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Investigating host and parasitic plant interaction by tissue-specific gene analyses on tomato and dodder interface at three haustorial developmental stages

posted on 2024-06-11, 06:43 authored by University of California, Davis
Parasitic weeds cause billions of dollars in agricultural losses each year worldwide. Cuscuta campestris (C. campestris), one of the most widespread and destructive parasitic plants in the U.S., severely reduces yield in tomato plants. Reducing the spread of parasitic weeds requires understanding the interaction between parasites and hosts. Several studies have identified factors needed for parasitic plant germination and haustorium induction, and genes involved in host defense responses. However, knowledge of the mechanisms underlying the interactions between host and parasitic plants, specifically at the interface between the two organisms, is relatively limited. A detailed investigation of the crosstalk between the host and parasite at the tissue-specific level would enable the development of effective parasite control strategies. To focus on the haustorial interface, we used laser-capture microdissection (LCM) with RNA-seq. The tomato host tissue immediately surrounding haustoria was collected to obtain tissue-resolution RNA-Seq profiles for C. campestris and tomato at the parasitism interface. The results of this study reveal the tissue-resolution gene regulatory mechanisms at the parasitic plant-host interface and provide the potential of developing a parasite-resistant system in tomatoes.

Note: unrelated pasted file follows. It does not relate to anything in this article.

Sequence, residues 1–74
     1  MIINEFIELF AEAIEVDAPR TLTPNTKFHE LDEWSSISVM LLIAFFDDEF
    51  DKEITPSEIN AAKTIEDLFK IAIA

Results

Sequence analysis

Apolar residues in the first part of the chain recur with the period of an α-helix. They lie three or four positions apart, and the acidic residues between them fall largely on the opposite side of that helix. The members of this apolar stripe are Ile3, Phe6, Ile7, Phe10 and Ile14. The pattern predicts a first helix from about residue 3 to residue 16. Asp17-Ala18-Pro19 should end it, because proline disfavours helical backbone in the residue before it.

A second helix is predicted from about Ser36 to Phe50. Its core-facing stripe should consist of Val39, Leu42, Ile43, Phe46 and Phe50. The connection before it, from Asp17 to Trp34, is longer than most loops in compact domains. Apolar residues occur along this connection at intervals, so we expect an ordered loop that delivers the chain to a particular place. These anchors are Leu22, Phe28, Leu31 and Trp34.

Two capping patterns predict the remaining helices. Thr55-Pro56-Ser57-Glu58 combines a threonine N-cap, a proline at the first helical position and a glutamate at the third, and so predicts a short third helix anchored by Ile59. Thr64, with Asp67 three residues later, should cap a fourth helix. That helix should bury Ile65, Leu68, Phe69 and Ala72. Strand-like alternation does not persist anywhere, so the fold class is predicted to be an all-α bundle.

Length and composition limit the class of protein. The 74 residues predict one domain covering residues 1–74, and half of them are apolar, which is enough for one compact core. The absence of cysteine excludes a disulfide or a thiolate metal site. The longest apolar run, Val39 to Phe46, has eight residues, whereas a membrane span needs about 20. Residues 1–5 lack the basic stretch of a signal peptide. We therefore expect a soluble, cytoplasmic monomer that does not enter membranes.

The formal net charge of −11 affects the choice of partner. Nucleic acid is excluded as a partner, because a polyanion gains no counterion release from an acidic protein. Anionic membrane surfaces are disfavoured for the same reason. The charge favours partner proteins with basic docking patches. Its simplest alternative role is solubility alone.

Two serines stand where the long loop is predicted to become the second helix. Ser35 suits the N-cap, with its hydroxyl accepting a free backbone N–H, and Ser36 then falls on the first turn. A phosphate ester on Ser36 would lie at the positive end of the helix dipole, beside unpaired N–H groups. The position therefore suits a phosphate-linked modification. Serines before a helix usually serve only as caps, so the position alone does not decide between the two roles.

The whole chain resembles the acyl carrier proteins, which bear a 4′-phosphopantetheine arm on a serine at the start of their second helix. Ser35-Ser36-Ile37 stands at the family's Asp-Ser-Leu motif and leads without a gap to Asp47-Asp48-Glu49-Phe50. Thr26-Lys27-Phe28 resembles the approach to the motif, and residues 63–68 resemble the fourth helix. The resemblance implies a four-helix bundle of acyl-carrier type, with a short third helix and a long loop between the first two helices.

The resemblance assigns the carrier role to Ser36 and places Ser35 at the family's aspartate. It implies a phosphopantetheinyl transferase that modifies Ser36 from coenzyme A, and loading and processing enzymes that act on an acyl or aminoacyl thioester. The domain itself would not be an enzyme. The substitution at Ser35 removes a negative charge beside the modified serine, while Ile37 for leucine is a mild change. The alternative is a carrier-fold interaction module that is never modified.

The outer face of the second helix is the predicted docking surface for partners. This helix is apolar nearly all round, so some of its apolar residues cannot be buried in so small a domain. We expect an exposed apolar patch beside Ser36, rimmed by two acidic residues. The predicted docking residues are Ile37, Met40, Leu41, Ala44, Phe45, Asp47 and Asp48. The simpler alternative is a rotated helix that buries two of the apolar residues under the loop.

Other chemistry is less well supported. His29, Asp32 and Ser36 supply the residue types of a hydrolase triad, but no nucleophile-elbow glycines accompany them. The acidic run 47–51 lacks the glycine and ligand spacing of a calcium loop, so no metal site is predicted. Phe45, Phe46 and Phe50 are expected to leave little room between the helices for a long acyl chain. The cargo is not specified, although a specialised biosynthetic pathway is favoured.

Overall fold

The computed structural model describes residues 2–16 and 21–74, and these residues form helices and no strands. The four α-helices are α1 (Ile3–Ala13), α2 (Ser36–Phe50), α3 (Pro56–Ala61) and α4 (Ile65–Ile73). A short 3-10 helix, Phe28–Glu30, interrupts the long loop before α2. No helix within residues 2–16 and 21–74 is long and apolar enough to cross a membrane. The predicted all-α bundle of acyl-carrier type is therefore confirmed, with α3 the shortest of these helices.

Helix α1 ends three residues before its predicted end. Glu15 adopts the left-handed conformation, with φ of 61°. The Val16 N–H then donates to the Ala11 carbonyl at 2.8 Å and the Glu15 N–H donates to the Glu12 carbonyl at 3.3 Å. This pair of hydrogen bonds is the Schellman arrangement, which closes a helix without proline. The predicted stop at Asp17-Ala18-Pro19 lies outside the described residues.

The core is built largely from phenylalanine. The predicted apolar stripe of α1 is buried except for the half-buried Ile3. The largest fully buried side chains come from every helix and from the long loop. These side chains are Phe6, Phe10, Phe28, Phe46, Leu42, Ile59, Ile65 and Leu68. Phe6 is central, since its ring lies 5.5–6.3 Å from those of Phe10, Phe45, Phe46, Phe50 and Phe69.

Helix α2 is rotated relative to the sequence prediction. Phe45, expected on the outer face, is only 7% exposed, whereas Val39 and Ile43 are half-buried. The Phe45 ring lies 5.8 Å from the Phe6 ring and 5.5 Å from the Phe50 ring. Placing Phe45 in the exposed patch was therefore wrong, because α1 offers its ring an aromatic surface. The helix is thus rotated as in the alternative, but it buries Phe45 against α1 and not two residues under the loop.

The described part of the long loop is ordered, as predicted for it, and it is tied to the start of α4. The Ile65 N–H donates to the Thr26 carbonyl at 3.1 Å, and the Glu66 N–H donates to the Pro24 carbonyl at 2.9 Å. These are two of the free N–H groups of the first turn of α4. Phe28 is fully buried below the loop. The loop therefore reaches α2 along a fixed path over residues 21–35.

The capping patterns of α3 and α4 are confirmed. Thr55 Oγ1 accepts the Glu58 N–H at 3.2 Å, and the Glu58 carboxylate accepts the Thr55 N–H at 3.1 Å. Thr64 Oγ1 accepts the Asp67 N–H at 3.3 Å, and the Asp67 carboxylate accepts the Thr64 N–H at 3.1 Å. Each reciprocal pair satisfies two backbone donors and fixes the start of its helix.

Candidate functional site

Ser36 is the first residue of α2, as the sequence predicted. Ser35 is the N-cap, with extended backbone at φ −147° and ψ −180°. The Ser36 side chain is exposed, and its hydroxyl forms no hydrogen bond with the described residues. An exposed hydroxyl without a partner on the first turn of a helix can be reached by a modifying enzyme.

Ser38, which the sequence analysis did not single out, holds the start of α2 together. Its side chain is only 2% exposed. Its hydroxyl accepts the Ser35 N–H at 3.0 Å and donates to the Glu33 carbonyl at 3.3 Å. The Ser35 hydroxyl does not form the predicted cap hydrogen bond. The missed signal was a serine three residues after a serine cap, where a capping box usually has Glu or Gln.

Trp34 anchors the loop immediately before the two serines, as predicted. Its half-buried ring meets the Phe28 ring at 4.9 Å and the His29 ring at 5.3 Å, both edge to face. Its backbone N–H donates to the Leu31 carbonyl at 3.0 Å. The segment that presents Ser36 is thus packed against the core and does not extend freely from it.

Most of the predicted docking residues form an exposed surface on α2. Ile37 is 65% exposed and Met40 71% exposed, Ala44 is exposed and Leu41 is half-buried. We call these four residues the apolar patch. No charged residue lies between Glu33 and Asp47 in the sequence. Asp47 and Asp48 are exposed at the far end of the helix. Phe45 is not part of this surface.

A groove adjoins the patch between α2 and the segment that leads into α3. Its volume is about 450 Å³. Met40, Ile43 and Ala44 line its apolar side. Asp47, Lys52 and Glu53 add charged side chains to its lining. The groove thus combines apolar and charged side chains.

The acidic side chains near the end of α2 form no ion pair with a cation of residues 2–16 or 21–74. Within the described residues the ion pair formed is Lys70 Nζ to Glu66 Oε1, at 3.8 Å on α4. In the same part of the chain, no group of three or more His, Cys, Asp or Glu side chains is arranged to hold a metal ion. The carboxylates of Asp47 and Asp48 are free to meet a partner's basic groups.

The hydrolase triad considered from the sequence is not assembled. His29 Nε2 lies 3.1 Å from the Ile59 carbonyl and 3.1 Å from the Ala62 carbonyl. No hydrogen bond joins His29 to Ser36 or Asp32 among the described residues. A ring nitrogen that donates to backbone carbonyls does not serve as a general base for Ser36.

U.S. Department of Agriculture, GRANT11329190


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National Center for Biotechnology Information

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  • Non-geospatial

ISO Topic Category

  • biota

National Agricultural Library Thesaurus terms

sequence analysis

Pending citation

  • No

Public Access Level

  • Public

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It is recommended to cite the accession numbers that are assigned to data submissions, e.g. the GenBank, WGS or SRA accession numbers. If individual BioProjects need to be referenced, state that "The data have been deposited with links to BioProject accession number PRJNA756681 in the NCBI BioProject database ("

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